A new family
He abandoned his wife and four children and went to live with his mistress, Tatiana Schlözer, who gave birth to two daughters (Ariadna and Marina) and a son Julian who was a young pianist himself. He drowned in the Dnipro River in Kyiv at the age of 11.
The impact of philosophy and theosophy on his music and musical thought
Scriabin was fond of the writings of symbolist poets. Vladimir Solovyov’s philosophy had a particular influence on him. Scriabin was also a friend of the philosopher Sergei Trubetskoy, who became an influence in the development of the composer’s philosophical outlook. Scriabin attended philosophical clubs and participated in literary disputes, which led to the emergence of his own philosophical and artistic concept of the ‘creative spirit’ reflected in the Third Symphony (The Divine Poem, 1903-1904), The Poem of Ecstasy (1905-1907), Prometheus (1911), and in piano works. Scriabin, previously influenced by Friedrich Nietzsche’s ‘Zarathustra’ and übermensch (superhuman being) theory, also became interested in theosophy, and both would influence his music and musical thought. In his later years, he would see himself as a ‘Superman’, who would lead like a prophet, evoking Baudelaire’s concept of the role of the poet, and would liberate humanity through the ‘mystery of music, colour, dance, and scents’ – through the experience of true ‘synesthesia’. Artistic creation for him became a state of ‘mystical ecstasy’ similar to a divine revelation. The Poem of Ecstasy and Prometheus reflected the theosophical ideas. Having become acquainted with the teachings of Helena Blavatsky, Scriabin became interested in Oriental religious teachings and came up with the idea of synthesizing music and other forms of art, reviving the genre of ancient mystery.
Concerts in Western Europe and in the United States
From 1904-1910 with the financial support of a wealthy sponsor, Scriabin was living and concertizing in Western Europe and in the United States. In Western Europe he started developing an original, highly personal musical idiom, experimenting with new harmonic structures and searching for new sonorities. From 1906 to 1907, Scriabin toured United States and gave concerts with Safonov and the conductor Modest Altschuler. While in New York City, Scriabin met Alfred La Liberté, who was his good friend and disciple. Scriabin was a remarkable pianist and successfully performed his original compositions before international audiences.
Helena Blavatsky’s theological teachings
While living in Brussels in 1908, he become interested in Jean Delville’s Theosophist movement and continued his reading of Helena Blavatsky. He entered the circle of late Helena Blavatsky in London and studied her Theosophy. The theological teachings of Helena Blavatsky became the backbones of Scriabin’s compositions of philosophical ideas. In 1909 he was encouraged by the conductor Serge Koussevitzky, who both performed and published his works, to return to Russia.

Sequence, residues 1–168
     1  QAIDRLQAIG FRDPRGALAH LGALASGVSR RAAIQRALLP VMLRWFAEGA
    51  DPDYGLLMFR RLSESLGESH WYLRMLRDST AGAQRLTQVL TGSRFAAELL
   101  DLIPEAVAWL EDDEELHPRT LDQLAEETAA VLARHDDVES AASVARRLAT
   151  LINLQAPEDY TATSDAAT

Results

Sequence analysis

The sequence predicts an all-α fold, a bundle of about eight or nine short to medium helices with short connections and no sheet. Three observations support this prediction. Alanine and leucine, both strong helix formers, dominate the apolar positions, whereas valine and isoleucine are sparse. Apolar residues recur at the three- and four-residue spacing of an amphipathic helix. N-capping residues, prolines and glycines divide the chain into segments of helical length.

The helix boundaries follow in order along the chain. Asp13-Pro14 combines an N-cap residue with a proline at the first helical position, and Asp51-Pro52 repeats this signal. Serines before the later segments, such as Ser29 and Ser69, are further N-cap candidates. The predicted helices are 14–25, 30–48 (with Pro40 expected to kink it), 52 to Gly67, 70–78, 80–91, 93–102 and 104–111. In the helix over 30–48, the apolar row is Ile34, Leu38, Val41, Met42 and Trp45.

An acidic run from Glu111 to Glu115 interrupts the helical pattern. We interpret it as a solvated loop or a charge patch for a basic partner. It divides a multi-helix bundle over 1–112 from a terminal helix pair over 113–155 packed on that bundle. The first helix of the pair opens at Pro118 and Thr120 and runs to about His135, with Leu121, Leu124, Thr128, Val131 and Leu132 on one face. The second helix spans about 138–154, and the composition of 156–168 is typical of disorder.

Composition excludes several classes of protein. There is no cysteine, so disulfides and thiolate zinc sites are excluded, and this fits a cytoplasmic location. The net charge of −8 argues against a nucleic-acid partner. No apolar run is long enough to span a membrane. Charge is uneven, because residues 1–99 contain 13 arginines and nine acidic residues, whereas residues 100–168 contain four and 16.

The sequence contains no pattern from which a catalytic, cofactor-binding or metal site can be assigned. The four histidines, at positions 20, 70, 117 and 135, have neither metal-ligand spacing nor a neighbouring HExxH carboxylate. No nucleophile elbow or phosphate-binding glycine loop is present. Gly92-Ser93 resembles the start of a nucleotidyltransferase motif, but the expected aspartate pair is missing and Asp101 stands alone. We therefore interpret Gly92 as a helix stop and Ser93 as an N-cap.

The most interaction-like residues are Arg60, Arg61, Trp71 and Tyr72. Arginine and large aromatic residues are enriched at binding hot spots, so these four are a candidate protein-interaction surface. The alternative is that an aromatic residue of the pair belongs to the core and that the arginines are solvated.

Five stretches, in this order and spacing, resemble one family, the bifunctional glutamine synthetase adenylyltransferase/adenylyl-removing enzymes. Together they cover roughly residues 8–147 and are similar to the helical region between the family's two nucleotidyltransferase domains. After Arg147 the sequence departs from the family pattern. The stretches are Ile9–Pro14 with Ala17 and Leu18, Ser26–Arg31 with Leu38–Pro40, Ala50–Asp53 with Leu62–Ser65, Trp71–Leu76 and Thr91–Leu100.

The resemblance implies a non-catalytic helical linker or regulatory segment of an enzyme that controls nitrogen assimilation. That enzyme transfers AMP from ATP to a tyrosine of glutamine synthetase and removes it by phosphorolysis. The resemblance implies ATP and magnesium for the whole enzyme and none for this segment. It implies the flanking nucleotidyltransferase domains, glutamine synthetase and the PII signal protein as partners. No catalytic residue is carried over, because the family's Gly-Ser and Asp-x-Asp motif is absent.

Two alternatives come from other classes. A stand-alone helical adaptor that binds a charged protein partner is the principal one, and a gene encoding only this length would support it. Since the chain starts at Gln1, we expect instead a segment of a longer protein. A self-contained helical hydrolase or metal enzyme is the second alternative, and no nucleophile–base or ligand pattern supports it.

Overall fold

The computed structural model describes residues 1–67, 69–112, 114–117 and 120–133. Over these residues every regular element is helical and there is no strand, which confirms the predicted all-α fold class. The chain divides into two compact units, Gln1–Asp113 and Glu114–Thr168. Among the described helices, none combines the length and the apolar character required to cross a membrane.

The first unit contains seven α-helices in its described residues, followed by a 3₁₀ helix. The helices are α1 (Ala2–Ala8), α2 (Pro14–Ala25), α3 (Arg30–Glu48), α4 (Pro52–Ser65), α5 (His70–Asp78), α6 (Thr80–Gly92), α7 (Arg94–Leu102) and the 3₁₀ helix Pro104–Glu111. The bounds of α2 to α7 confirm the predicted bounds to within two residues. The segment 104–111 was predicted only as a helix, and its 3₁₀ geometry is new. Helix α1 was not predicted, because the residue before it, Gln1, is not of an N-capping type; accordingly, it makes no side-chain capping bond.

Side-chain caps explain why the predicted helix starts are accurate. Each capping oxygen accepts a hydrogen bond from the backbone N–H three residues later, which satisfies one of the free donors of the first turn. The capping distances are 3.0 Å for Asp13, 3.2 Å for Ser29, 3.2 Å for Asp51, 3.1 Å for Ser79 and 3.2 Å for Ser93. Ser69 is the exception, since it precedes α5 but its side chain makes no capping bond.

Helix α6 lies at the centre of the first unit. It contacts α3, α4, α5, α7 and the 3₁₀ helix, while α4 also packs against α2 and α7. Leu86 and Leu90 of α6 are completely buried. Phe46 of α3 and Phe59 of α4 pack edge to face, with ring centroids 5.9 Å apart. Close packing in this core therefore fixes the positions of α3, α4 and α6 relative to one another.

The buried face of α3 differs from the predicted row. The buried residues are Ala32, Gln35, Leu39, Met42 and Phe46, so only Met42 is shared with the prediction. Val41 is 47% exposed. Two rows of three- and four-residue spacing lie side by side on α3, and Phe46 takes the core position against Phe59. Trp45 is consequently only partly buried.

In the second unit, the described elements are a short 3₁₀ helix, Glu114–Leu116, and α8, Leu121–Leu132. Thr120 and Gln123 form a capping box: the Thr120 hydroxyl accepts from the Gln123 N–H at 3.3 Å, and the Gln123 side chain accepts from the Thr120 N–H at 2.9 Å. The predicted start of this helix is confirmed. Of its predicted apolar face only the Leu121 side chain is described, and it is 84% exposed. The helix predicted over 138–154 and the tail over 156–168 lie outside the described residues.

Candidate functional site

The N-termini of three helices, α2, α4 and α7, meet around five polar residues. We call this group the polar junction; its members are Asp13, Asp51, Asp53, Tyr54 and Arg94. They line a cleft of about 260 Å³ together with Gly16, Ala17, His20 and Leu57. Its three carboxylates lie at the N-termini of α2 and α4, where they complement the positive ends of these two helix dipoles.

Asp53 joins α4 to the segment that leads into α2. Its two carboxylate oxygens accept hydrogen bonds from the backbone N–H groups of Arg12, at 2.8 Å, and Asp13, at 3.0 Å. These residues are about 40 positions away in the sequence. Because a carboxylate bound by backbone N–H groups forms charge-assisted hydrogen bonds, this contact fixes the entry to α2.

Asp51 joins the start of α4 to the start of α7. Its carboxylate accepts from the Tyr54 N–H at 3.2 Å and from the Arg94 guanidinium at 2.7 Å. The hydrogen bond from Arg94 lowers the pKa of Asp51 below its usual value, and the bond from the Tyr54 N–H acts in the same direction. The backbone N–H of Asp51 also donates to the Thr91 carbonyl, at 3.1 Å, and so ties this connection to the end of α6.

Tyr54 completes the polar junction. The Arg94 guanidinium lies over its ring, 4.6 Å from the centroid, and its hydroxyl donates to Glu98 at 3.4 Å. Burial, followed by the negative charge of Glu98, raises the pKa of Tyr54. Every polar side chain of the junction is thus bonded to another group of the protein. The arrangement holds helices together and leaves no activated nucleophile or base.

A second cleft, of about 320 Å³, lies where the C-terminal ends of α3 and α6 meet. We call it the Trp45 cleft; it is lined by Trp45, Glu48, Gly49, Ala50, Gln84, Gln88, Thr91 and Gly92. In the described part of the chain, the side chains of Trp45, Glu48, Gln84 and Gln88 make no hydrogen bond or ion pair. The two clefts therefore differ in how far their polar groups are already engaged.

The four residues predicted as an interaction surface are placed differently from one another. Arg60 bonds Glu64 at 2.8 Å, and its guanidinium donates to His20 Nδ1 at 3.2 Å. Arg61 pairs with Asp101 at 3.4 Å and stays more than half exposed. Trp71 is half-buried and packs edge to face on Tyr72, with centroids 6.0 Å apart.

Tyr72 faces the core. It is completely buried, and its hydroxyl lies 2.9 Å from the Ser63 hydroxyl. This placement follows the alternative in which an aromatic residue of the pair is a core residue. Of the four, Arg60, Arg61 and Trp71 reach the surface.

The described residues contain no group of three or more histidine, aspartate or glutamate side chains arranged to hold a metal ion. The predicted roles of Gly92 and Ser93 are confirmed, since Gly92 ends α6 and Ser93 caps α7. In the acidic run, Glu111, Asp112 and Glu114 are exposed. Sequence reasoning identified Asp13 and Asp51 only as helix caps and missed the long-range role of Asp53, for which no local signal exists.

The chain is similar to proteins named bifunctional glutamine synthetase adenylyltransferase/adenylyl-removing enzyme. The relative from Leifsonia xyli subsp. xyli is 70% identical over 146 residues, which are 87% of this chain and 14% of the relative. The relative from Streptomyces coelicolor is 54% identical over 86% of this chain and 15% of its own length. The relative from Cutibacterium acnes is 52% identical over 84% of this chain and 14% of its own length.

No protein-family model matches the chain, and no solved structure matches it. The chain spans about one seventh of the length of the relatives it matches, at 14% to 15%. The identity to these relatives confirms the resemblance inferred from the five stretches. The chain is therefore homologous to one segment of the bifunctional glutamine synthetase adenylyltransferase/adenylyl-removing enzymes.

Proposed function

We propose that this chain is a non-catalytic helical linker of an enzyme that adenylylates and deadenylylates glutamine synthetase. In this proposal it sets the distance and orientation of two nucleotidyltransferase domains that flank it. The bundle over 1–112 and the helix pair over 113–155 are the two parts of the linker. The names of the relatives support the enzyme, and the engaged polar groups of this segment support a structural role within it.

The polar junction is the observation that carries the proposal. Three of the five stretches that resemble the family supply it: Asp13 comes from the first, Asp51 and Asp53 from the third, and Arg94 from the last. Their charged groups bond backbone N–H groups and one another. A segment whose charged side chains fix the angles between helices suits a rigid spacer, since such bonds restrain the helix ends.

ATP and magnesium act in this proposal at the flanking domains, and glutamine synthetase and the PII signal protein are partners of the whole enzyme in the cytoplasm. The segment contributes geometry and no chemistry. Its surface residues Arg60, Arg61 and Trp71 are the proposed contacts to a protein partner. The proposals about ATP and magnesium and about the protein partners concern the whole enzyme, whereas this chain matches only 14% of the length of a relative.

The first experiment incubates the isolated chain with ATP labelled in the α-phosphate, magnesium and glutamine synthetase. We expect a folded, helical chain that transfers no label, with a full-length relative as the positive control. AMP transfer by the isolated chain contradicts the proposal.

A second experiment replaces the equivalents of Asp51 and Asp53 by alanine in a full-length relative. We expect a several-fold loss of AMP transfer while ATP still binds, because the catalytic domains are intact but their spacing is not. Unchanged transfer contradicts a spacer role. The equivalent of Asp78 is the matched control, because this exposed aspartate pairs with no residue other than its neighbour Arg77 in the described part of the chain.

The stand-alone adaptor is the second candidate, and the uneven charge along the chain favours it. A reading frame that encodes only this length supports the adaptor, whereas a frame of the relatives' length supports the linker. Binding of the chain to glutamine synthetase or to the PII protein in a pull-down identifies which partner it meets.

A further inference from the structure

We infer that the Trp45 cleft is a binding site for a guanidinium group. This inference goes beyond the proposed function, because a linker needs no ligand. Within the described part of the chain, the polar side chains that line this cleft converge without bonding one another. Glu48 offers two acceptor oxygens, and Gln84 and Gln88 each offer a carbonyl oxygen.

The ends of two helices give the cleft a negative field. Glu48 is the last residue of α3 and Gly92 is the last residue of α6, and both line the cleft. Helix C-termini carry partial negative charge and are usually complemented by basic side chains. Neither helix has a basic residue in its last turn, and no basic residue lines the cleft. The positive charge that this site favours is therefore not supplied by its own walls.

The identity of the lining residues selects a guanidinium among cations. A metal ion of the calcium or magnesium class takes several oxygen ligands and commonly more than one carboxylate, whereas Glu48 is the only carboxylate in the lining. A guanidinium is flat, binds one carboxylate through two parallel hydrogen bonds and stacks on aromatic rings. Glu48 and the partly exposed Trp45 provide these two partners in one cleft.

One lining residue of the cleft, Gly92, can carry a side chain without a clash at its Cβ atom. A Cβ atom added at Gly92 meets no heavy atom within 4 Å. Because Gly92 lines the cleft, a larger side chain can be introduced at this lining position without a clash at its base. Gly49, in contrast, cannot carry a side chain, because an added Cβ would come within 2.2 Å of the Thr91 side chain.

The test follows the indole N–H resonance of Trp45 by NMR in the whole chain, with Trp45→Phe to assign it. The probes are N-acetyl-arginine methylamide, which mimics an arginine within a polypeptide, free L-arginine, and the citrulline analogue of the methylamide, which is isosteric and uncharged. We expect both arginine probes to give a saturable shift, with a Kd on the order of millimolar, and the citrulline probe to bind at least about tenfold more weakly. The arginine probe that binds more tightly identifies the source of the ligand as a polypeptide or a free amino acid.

Scriabin’s color-music system
In 1910, Scriabin codified his sound and colour senses and composed a work that would use both aspects in performance: Prometheus: Poem of Fire. He started writing it in 1909 and completed it in 1910. He invented his clavier à lumières (keyboard with lights), where both colours (red, blue, etc.) and effects (lightning, sparkles) for use in his work Prometheus: Poem of Fire. Only one version of this instrument was constructed, for the première in New York in 1915, created by Scriabin’s friend, an electrical engineer. Inspired by his Prometheus, Scriabin continued to explore the ideas of a ‘mystery’, linking music, poetry, and dance, leading to the redemption of humanity through a symphony of sound, light, color, and scents which would envelop the listener and bring him to a state of ecstasy.
Scriabin continued to compose on big projects and wanted to perform a multi-media project on the Himalayas. He was looking forward to uniting all of mankind through these compositions and went on to create a seven-day long composition, he left only sketches for this piece, Mysterium, although a preliminary part, named Prefatory Action (L’acte préalable) was eventually made into a performable version by Alexander Nemtin. Part of that unfinished composition was performed with the title Prefatory Action by Vladimir Ashkenazy in Berlin with Aleksei Lyubimov at the piano.
Scriabin dedicated his life to creating musical works which would, as he believed, open the portals of the spiritual world. He showed serious mental instability during the early stages of his life, and eventually believed that the world could only be saved through his art. He certainly had hallucinations, and saw the end of the world culminating in a grandiose sexual orgy. A hypochondriac his entire life, he died at the age of 43 from septicemia, contracted as a result of a shaving cut on his lip.
Imaginative, esoteric, and idiosyncratic, Aleksander Scriabin’s contribution to the world of music is peerless.